Tomatoes reduce risk of breast cancer – report

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Postmenopausal women showed a 9% increase in levels of adiponectin - a fat and blood sugar regulating hormone - after following a tomato-rich diet for 10 weeks, lowering their risk of breast cancer.
Postmenopausal women showed a 9% increase in levels of adiponectin – a fat and blood sugar regulating hormone – after following a tomato-rich diet for 10 weeks, lowering their risk of breast cancer.

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It has long been known that postmenopausal women are at a higher risk of developing breast cancer. But now, new research suggests that adopting a diet rich in tomatoes may reduce this risk. This is according to a study published in theJournal of Clinical Endocrinology and Metabolism.

According to the National Cancer Institute, women in the US have a 12.4% risk of developing breast cancer at some point in their lives. This risk increases with age, with women over the age of 50 having a 1 in 42 chance of developing the disease.

According to the study researchers, led by Adana Llanos of Rutgers University, postmenopausal women increase their risk of breast cancer further as their body mass index (BMI) climbs. But this latest study suggests that this risk may be reduced simply by adopting a different diet.

To reach their findings, the investigators analyzed 70 postmenopausal women for a period of 20 weeks.

For the first 10 weeks, the women were required to follow a tomato-rich diet. This involved consuming a minimum of 25 mg of lycopene each day. Lycopene is an antioxidant found in tomatoes and other fruits and vegetables.

For the remaining 10 weeks, the women followed a soy-rich diet. This required them to consume at least 40 g of soy protein daily.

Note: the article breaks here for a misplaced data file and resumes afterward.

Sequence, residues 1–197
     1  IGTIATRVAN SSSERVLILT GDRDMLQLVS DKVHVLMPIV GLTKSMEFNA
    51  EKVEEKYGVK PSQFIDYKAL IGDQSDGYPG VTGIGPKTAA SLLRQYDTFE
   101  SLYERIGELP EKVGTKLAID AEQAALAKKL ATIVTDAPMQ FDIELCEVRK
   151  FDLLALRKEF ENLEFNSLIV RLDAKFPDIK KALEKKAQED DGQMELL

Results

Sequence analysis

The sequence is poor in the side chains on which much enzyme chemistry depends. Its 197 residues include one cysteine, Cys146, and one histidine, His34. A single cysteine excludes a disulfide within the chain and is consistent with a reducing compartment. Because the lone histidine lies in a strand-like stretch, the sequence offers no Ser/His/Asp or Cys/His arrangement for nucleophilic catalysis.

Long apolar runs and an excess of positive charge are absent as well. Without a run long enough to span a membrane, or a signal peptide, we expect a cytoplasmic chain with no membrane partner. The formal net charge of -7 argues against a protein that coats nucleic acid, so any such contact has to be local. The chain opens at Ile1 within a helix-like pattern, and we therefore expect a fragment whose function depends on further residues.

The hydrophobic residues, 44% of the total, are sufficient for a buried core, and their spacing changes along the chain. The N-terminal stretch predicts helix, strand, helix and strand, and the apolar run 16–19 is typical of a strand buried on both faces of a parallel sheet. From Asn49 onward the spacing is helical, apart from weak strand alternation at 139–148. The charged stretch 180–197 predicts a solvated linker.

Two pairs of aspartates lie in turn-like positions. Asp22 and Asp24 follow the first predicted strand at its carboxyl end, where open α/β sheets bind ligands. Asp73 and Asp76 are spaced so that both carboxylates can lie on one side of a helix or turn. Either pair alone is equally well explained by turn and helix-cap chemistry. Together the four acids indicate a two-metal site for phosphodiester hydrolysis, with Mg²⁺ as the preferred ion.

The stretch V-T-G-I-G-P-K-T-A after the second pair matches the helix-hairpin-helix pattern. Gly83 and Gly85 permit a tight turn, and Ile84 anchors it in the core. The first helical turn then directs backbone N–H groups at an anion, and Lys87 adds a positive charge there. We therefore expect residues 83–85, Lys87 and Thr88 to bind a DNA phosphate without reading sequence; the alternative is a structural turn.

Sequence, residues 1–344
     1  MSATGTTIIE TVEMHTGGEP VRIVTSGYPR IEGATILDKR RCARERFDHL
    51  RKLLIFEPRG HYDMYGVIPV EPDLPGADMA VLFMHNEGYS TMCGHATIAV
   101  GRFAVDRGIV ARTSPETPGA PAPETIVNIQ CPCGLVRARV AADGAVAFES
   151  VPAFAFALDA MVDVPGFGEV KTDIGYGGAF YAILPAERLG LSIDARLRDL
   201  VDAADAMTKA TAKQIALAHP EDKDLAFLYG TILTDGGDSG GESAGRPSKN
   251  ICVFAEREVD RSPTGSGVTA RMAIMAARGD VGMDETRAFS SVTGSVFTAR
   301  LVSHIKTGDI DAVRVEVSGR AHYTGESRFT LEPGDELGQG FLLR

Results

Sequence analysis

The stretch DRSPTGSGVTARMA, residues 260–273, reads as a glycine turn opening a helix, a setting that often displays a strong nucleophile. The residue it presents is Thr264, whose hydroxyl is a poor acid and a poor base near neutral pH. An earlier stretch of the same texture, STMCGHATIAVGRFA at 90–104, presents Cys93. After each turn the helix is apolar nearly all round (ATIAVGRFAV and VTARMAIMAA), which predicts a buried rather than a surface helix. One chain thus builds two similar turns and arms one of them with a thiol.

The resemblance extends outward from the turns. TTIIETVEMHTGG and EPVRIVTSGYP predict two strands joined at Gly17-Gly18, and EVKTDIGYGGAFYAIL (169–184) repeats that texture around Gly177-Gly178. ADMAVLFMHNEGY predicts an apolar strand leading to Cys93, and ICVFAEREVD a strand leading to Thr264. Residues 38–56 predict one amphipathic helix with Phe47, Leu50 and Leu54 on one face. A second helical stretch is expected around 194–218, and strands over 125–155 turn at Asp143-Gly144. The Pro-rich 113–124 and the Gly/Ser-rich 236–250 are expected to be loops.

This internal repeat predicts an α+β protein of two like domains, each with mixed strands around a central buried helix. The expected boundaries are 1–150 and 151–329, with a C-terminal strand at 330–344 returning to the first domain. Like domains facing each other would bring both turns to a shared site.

All women were asked to refrain from eating any soy or tomato products 2 weeks prior to each diet.

Tomato-rich diet increases adiponectin levels

Tomatoes on vine
Postmenopausal women showed a 9% increase in levels of adiponectin – a fat and blood sugar regulating hormone – after following a tomato-rich diet for 10 weeks, lowering their risk of breast cancer.

Results of the study revealed that when the women followed the tomato-rich diet, they showed a 9% increase in their levels of adiponectin. This is a hormone that plays a part in the regulation of fat and blood sugar levels.

The researchers note that this effect was more prominent for women who had a lower BMI.

However, when the women followed the soy-rich diet, this led to a reduction in adiponectin levels. Low adiponectin levels are linked to increased risk of obesity and insulin resistance.

Llanos says the advantages of eating a high amount of tomatoes and tomato-based products are clearly evident in their findings, even if consumption is only for a short period.

She adds:

“Eating fruits and vegetables, which are rich in essential nutrients, vitamins, minerals and phytochemicals such as lycopene, conveys significant benefits.

Based on this data, we believe regular consumption of at least the daily recommended servings of fruits and vegetables would promote breast cancer prevention in an at-risk population.”

Llanos points out that their findings also emphasize the importance of obesity prevention, since a tomato-rich diet had a bigger impact on adiponectin levels for women who maintained a healthy body weight.

Tomatoes have also been linked to other health benefits. Last year, Medical News Today reported on a study suggesting that eating lots of tomatoes may reduce the risk of stroke, while other research has suggested that eating a combination of soy and tomato foods may help prevent prostate cancer.

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Culled from: http://www.medicalnewstoday.com/articles/270482.php

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